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Topological Polaritonics

Periodic Reporting for period 1 - ToPol (Topological Polaritonics)

Reporting period: 2018-04-01 to 2020-03-31

The study of topological phases of matter in artificial platforms, notably photonic crystals, has attracted much attention over the last years as it allows exploring topological physics often beyond what is physically reachable in the solid-state. Indeed, this exploration has led to the development of new technological functionalities with robust properties, like protected lasers immune to disorder or fabrication defects. However, so far the field of topological photonics (i.e. emulating topological phases of matter in photonic systems) has remained mainly limited to the single-particle regimes, i.e. in systems where the nonlinearity remains very weak. The aim of this action is specifically to address this issue, and to explore and study the interplay between topological physics and nonlinear optics.

This is highly relevant both at the fundamental and technological levels. At the more technological level, this could allow engineering new photonic active devices (e.g. switches, diodes, sources...) that are immune to the presence of local defects and environmental fulctuations. At the more fundamental point of view, it will pave the way to the exploration of new physical objects that are inherently nonlinear, like topological solitons or vortices. The implementation of such novel objects is crucial to better understand topological phases of matter in the presence of inter-particle interactions.

The objective of this action is precisely to study this question using exciton-polaritons confined in arrays of semiconductor microresonators. Thanks to their excitonic part, these hybrid light-matter quasiparticles exhibit strong Kerr-like nonlinearities. More specifically the objectives of this project are divided in three parts: 1- implementing topological phases of matter that break time-reversal symmetry in polaritonic arrays, 2- implementing nonlinear effects in simpler polaritonic lattices that do not break time-reversal symmetry, and 3- combined both to explore nonlinear topological physics in systems that break time-reversal.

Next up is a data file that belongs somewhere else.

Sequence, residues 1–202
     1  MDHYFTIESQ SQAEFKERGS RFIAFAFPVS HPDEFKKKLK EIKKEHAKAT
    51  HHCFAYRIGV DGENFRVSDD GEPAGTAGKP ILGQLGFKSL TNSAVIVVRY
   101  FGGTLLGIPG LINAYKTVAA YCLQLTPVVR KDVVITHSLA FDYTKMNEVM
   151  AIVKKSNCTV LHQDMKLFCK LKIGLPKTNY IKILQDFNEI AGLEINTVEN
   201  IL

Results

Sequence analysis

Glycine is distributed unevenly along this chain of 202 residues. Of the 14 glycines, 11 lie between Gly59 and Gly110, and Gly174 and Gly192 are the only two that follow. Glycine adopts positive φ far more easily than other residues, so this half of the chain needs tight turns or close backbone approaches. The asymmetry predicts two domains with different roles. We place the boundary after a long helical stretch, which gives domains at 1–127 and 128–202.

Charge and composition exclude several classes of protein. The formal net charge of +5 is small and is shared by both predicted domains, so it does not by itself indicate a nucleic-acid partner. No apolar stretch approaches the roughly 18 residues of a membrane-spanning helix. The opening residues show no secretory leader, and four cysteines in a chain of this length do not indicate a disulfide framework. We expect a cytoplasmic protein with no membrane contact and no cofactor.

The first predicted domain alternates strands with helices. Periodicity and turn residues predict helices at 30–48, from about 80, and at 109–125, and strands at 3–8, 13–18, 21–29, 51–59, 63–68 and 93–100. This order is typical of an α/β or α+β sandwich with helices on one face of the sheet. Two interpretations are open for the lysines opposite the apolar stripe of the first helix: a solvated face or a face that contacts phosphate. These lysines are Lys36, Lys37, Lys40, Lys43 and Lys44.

Work performed from the beginning of the project to the end of the period covered by the report and main results achieved so far (For the final period please include an overview of the results and their exploitation and dissemination)
Since the beginning of the project, the work realized can be classified in the following classes:

1- Demonstrating the onset of a lasing action in a benzene-like polaritonic molecule. This has allowed generating a coherent emission from a state that carries a well-defined topological charge. Furthermore, by using a circularly-polarized laser pump, it was possible to optically break time-reversal symmetry in a well-defined manner and control the chirality of the emission field, see image 1 attached. This is in line with the first objectvie described above, and has led to the following publication: Nat. Photonics 13, 283–288 (2019).

2- Using the device fabricated in the previous point, we were able to explore the nonlinear regime by working at high driving power. Thanks to gain saturation, we were able to observe a bistable regime between two modes carrying a distinct topological charge. This was the first observation of such a nonlinear effect with chiral light, and it is in line with the second objective described above. It has led to the following publication: Opt. Letters 44, 18, 4531-4534 (2019)

3- Recently, I have collaborated with a PhD student to observe nonlinear effects in topological arrays of higher dimensionality. Namely, we have demonstrated the onset of symmetry-protected solitons in a 1D topological lattice. This is also an important result in relation with the second objective. A manuscript is right now finalized, and should be submitted shortly to a high-impact journal.

4- In order to push the exploration of this physics in 2-dimension lattices, I have realized an important work where we have measured topological invariants in a honeycomb lattice that emulates the physics graphene, see image 2 attached. This is very relevant, as a similar lattice will be used to demonstrate (under a magnetic field) 2-dimensional topological lattices that break time-reversal symmetry. A manuscript has been updated on arXiv (2002.09528) and is currently under revision in a high-impact journal.
The results described above have clearly shifted the state of the art, as they represent some of the only results available so far in the litterature that explore this interplay between topological physics and nonlinear optics. Until the end of the project, we are expecting new results that will push the state of the art even further, by implementing nonlinear effects in 2-dimensional lattices with broken time-reversal symmetry. The sample to realize these high impact experiments is currently under fabrication, and should be finished by the end of the summer; the experiments just be finished by fall considering that we have already gathered very interesting and promising preliminary results. This fabrication process was delayed by the moving of the laboratory and the pandemic, but is now in process. This is expected to lead to a very high-impact in the community, as it will represents the first nonlinear experiments in a photonic systems that emulate the quantum Hall effect.